Post Operative Radiation Therapy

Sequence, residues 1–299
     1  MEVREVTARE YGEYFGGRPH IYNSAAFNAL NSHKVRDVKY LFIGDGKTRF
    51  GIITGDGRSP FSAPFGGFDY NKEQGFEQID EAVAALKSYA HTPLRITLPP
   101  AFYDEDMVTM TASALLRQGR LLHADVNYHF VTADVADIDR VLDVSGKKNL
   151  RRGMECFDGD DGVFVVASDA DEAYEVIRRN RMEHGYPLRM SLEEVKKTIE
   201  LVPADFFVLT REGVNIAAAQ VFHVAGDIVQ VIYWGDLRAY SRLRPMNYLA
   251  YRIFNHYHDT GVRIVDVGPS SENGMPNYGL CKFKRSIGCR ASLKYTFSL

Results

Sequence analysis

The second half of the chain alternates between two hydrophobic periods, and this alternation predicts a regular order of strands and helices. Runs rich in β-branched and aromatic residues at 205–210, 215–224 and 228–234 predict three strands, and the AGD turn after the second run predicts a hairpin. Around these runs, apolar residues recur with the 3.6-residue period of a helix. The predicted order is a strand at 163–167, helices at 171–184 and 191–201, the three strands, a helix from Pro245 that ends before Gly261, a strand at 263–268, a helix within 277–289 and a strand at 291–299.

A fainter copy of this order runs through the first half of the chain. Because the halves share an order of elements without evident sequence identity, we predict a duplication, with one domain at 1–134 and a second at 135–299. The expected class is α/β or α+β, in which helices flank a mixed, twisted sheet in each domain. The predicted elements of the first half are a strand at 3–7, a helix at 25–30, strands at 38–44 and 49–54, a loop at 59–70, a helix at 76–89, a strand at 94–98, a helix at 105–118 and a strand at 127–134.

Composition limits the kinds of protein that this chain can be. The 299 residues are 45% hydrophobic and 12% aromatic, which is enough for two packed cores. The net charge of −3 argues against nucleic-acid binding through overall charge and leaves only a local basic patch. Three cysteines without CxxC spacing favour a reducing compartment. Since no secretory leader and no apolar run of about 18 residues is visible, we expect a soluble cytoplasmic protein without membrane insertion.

In our institution, we rarely perform post-operative radiation therapy, which is frequently associated with 5-fluorouracil (5-FU)-based chemotherapy and is delivered when the surgical specimen of a good patient selected for exclusive surgery shows risks of local recurrence such as incomplete tumour resection as well as nodal disease involvement. Post-operative radiotherapy has shown the advantage of being selectively delivered in patients at high risk of local recurrence as well as the disadvantage of the increased risk of radiation damage of the small bowel loops which may be fixated to the pelvis as a result of the surgical procedure. The risk of small bowel injury has decreased with the advent of a 3D planning system, dietary care and not exceeding the limit dose of 50-54 Gy. Complications of pelvic radiation therapy are related to the radiation field volume, surgical procedure, overall treatment time, fraction size, radiation energy, total dose and technique [9]. Generally, successful treatment of RC depends on large irradiation fields whose arrangement depends on the loca tion of the primary tumour, surgical procedure (low anterior vs. abdominal perineal resection) and volume of the small bowel. Small bowel radiation induced complications are directly proportional to their volume and may be reduced by using contrast media in defining the radiation fields. Gallagher et al. [10] determined the volume, distribution and mobility of small bowel in the pelvis by using different techniques. There was a significant average small bowel volume decrease when patients, compared with the supine position, were treated in the prone position with compression of the abdominal wall and distension of the bladder. At our institution we use the prone position and a custom-made belly board for selected patients undergoing post-operative radiation therapy [11]. The knowledge of both local and nodal failure patterns is important for planning radiation therapy fields which should include all potentially contaminated retroperitoneal soft tissue. The majority of local failures in cases of APR occur in the posterior pelvis, presacral space, primary tumour site and perineum. The reported risk areas include the internal iliac, presacral and obturator lymph nodes. After an APR, a wire marker should be used to identify the perineal scar for defining the inferior limit of the beams. When the rectum is resected anteriorly, a Foley catheter is inserted into the rectum and retracted inferiorly in order to identify the anorectal junction and define the inferior limit of the beams. The cranial limit of the field is usually L5-S1 interspace; the lateral borders extend 1.5-2 cm lateral to the widest part of the pelvis bones. Posterior fields include the whole sacrum including a 1-cm posterior margin to allow dose to build up in the presacral area. The anterior border is defined to encompass the internal or internal plus external iliac nodes according to the pathological N stage. When boost doses of radiation are required, the fields are redesigned and 3D treatment planning are performed in order to spare the tissues which are considered not at risk. At present, intensity modulated radiation therapy (IMRT) does not have an established role in postoperative radiation therapy for RC including stages assessed as T3N0N+ and M0R0.

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